The batteries are mounted forward of the console, which is another part of the reason it lifts so evenly under acceleration. The batteries are located in a deck level box which creates a step up to get to the bow, but we got used to this pretty quickly.

The floor level is higher than many outboard-powered RIBs – there’s lots of stuff going on under there, but only extensive open water testing would tell us if this made it feel top heavy or noticeably less secure-feeling than a conventional boat with a lower sole.

Looking out over the stern was a novelty – there’s nothing there! There is a flat floor with EVA deckpad-type foam on it that would prove very useful for getting in and out of the water.


The hull channels sit well clear of the water but they won’t provide much aerodynamic lift at 23 knots

This was a short test drive but the boat behaved perfectly acceptably. It’s always going to struggle as an adrenaline rush over petrol outboard-powered RIBs and I hope sales don’t suffer from this as that’s not the point of the boat.

The real sells for this are the impressive numbers concerning range and charging times and the convenience of in-marina charging that could make electric boating more viable for many more owners.

RS Pulse 63 test drive: Conclusion

Prices for the RS Pulse 63 start at over £80,000 including VAT, but if you look at the much higher price of an electric car versus an internal combustion one, consider the volumes in manufacture (RS hopes to sell 100 this year) and think about the price of a similarly elegant looking 6.3m RIB, it’s actually not completely wide of the mark.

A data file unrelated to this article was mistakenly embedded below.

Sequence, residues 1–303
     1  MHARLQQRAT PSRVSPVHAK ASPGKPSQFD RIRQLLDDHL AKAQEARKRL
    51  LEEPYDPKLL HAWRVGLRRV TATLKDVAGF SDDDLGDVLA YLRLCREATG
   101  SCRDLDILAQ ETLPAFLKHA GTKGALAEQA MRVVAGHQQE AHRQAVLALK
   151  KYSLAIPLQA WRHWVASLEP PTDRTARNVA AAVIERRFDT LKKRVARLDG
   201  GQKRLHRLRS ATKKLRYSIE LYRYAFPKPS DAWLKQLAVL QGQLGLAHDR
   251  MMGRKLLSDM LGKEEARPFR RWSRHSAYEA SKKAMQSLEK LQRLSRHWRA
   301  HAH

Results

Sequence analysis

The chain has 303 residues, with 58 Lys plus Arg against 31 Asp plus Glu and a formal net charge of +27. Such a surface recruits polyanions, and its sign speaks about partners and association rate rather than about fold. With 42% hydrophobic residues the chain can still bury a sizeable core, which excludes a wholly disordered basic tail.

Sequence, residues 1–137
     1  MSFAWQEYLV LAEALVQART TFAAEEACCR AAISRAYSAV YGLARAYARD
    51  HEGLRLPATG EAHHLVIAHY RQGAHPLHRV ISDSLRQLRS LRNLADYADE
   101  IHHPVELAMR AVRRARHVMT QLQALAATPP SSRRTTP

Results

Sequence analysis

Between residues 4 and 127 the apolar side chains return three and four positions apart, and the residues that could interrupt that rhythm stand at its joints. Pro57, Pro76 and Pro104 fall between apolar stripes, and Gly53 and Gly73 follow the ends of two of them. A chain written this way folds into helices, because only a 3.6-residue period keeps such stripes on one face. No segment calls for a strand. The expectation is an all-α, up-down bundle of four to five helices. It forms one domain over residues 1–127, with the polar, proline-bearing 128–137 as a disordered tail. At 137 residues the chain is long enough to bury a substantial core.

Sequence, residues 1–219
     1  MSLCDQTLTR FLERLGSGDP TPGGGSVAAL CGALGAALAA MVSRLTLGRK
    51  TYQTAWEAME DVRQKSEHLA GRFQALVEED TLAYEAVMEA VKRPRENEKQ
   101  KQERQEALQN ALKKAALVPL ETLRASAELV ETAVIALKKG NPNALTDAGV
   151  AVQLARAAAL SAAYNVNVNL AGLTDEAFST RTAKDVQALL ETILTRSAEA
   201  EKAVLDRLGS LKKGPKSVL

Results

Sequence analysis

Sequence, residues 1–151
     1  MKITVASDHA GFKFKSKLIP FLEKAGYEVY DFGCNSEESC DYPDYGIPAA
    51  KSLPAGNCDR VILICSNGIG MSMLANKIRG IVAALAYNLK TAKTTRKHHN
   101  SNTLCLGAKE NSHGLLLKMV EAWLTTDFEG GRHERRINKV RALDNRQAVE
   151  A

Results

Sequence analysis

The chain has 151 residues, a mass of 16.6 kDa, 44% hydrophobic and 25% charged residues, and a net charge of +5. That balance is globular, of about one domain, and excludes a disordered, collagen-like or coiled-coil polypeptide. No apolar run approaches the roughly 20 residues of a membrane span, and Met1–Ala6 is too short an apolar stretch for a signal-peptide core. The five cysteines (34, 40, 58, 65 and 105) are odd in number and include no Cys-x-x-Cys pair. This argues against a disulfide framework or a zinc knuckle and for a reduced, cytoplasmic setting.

It’s telling, though, that two were recently sold to a Silicon Valley billionaire’s private island. I predict that these will sell like hot cakes to government agencies, port authorities and the like, who only rarely need to get up into double digit speeds, do short trips and can regularly return to a base pontoon for recharging.

With heavy commercial use, the reduced operational cost (lower cost of ‘fuel’) will override the high initial cost of the boat. These bodies all have hopelessly demanding decarbonisation targets and there aren’t many electric boat options for operators who might, occasionally, need to get somewhere in a hurry or operate in open water.

It’s quite a milestone for boating and even a minor one for the planet that a small, quick charging, tolerably quick RIB has been successfully electrified, is being series manufactured and is clearly going to sell.

There will be many boats like this one day, and rest assured ranges and speeds will both increase. There’s no Tesla in my driveway – I’m not a ‘first adopter’ of these sort of technologies and so I wouldn’t buy one, but I’d give it five out of five stars to reflect how important it could prove to be.

OK, I picked on the over-specced sterngear a bit, but RS will know about this and there just aren’t the off-the-shelf products they require yet. This will get sorted, and my overarching sentiments are joy and pride that a relatively small but highly innovative UK company has had the sheer gumption to step outside its comfort zone and may have, just a little bit, changed boats forever.

Range table

Cruising Speed range
5 knots 100 miles
10 knots 70 miles
15 knots 45 miles
20 knots 25 miles

These ranges are as quoted on the RS Electric Boats website with the standard 46kWh battery pack. An additional 23kWh pack can be added to increase range but with an unspecified ‘reduction in top speed’.

Top speed is otherwise quoted at 23 knots with the standard battery pack. The RS Pulse 63 charges in two hours with its standard 25kW charger that should not trip the power at marinas. A 75kW option is also available which will, impressively, charge the boat in just 30 minutes.

Prices start from £82,800